The Wing’s unyielding message makes sense if you consider Gelman’s history. With experiences in public affairs and politics, Gelman, a born-and-raised New Yorker, worked as Deputy Director of Communications to Comptroller Scott M. Stringer and more recently was the Senior Vice President at the strategic communications firm SKDKnickerbocker. She also worked on Hillary Clinton‘s 2008 presidential campaign, during which time she lived downtown in Logan Circle. Her experience during that time period made one thing clear: there was a gap in the market.  

“I lived in D.C. twice, and if I’d had The Wing my quality of life would have been totally transformed,” Gelman told Forbes. ”I had a great experience” she tells Washingtonian, “but most of it was spent at my desk working.”

As for the list of members, like other markets, the Wing’s DC location promises to attract a who’s who of prominent female residents. For notable politicians or businesswomen who may not be able to regularly utilize such a public space, there are plenty of opportunities for collaborating on events through the Wing’s programming. In the past year alone, the Wing has racked up appearances from Senators Kirsten Gillibrand, Amy Klobuchar, and Heidi Heitkamp, activists Ilyse Hogue, Michelle Jawando, and Alyssa Mastromonaco, and journalists Katy Tur, Annie Karni, Kasie Hunt, and Maggie Haberman.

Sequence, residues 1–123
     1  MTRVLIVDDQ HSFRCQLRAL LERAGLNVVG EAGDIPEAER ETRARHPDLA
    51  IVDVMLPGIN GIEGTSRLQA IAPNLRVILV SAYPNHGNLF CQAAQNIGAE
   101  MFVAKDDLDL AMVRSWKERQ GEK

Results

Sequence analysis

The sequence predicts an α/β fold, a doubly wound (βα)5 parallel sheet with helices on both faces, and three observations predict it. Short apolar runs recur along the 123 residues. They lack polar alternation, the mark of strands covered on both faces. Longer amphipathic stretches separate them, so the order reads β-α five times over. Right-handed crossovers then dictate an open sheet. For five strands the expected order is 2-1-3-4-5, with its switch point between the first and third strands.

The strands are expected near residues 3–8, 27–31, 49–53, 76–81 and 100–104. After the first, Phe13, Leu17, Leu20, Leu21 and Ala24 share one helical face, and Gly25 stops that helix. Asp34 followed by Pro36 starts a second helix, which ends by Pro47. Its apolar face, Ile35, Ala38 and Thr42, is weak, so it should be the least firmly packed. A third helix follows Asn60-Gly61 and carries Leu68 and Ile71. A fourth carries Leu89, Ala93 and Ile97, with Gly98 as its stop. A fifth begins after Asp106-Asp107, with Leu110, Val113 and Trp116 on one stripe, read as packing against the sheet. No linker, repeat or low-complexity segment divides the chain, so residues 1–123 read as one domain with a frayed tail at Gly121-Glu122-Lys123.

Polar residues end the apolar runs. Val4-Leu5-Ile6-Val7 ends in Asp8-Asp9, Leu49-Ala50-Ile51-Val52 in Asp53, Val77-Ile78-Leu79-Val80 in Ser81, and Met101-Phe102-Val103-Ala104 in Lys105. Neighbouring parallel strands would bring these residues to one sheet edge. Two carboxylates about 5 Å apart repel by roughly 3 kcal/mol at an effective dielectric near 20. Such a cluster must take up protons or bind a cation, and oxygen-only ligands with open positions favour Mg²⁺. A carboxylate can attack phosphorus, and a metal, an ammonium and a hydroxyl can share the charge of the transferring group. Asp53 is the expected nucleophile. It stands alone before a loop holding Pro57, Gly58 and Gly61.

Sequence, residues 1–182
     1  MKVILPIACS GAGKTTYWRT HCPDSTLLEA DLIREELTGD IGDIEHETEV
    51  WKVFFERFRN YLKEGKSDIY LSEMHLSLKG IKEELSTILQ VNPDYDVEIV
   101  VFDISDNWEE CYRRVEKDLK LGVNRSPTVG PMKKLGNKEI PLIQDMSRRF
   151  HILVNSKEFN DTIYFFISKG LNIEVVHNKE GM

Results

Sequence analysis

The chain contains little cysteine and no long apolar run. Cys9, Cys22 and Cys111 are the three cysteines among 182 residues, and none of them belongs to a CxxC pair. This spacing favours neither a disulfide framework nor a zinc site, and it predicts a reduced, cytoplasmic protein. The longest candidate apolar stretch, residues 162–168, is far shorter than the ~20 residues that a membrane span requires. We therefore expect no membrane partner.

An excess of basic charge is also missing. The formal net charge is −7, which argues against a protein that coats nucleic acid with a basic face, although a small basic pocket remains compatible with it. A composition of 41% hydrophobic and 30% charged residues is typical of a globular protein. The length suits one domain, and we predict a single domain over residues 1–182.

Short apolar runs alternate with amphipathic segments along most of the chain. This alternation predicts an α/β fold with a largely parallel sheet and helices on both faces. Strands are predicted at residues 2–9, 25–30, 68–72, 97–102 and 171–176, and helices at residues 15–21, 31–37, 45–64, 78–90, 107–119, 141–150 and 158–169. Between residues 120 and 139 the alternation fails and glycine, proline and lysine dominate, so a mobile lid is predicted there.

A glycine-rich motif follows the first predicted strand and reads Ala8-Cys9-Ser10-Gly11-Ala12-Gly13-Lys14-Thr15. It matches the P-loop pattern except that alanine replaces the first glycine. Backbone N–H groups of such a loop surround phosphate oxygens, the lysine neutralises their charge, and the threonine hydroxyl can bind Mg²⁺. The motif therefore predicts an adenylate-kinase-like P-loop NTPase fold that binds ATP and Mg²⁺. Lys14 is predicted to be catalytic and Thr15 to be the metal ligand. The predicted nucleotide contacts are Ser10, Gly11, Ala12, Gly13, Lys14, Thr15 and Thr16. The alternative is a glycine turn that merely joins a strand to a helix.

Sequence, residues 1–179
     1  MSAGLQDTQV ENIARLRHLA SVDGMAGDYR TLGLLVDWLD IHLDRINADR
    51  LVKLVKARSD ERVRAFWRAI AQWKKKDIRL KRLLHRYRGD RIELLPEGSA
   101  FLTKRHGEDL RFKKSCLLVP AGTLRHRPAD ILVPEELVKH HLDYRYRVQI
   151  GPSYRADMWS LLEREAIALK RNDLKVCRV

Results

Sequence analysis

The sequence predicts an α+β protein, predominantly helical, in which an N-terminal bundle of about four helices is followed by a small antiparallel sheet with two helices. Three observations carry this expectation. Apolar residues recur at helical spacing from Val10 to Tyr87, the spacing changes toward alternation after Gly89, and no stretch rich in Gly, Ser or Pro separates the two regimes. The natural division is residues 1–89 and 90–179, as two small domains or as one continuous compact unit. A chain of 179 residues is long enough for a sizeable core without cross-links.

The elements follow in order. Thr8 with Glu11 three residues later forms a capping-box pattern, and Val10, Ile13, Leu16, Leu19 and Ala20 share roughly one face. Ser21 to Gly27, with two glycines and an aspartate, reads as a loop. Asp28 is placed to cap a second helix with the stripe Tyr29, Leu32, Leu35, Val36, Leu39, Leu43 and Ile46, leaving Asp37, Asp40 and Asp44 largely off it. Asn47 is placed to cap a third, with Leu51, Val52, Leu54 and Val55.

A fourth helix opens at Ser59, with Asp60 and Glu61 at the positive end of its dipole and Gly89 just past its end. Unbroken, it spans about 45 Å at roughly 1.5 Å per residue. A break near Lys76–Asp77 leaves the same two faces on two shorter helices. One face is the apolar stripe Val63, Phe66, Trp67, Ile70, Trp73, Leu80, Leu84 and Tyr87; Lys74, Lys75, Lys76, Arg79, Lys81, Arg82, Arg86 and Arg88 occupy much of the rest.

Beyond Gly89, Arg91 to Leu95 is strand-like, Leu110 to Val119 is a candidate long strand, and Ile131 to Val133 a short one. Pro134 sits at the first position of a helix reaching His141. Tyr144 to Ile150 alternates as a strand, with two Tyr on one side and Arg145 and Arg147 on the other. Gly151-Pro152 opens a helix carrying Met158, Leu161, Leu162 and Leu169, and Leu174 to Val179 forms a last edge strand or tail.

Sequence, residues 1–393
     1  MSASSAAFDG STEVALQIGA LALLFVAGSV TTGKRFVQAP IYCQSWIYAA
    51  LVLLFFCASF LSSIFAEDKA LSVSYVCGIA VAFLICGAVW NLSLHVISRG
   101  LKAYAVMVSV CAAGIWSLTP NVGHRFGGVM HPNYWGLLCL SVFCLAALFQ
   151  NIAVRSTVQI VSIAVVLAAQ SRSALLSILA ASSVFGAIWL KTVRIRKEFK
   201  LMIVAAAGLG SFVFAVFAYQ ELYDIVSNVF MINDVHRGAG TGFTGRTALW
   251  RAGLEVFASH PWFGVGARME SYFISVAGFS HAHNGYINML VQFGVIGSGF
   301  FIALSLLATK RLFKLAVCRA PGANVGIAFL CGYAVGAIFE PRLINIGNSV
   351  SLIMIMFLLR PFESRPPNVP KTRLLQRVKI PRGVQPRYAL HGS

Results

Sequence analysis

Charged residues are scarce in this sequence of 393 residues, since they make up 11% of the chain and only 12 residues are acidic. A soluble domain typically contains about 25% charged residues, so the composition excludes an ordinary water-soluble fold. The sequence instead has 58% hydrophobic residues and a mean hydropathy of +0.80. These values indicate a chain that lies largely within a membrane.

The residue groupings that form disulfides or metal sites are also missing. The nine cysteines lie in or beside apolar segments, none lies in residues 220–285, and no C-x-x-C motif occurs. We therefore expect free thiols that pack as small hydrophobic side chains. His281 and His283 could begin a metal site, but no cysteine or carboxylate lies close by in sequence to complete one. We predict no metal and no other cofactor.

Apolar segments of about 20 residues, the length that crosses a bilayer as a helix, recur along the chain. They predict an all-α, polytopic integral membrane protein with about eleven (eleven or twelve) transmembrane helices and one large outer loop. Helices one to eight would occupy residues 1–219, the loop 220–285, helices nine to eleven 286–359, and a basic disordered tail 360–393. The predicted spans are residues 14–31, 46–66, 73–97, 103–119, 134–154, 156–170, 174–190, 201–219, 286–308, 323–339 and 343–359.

As for those Gelman would like to see involved, “dream Wing Women we haven’t met yet,” she cites Supreme Court Justice Sonia Sotomayor, PBS NewsHour anchor Judy Woodruff, US Representative Maxine Waters, and Senators Kamala Harris and  Elizabeth Warren.

Pendant lamps hang from an industrial ceiling.

The Georgetown location promises to be only slightly different from the New York locations of the Wing, catering to the community in small ways while maintaining the brand’s signature aesthetic. For one thing, the DC location will be equipped with a wellness room, perhaps nod to the growing popularity of nap spaces and meditation studios. It will also have a section of bleacher seating (visible in the above rendering) to help facilitate panels and talks. Adding new locations of the Wing means added appeal for different levels of membership, so that applicants can choose access to just one location, or pay extra for access to all the Wing’s locations—$2,300 and $2,700 annually, respectively. The later option that may strike a chord for those who travel frequently between DC and New York.

“Since the presidential election, our members have been hungry for programming involving civic engagement, grassroots activism and electoral politics” says Gelman. “We’ve witnessed American women linking arms with one another in powerful ways. A location in Washington, DC, allows us to welcome a new community of women into the Wing. It also means we’ll be closer to where political decisions get made. [We’ll] have the women making change and rewriting the rules of American politics entering our doors to share their insights with our members.”

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Assistant Editor

Hayley is an Assistant Editor at Washingtonian Bride & Groom and Washingtonian. Previously she was the the Style Editor at The Local Palate, a Southern food culture magazine based out of Charleston, South Carolina. She currently resides in Bloomingdale. You can follow her on instagram @wandertaste.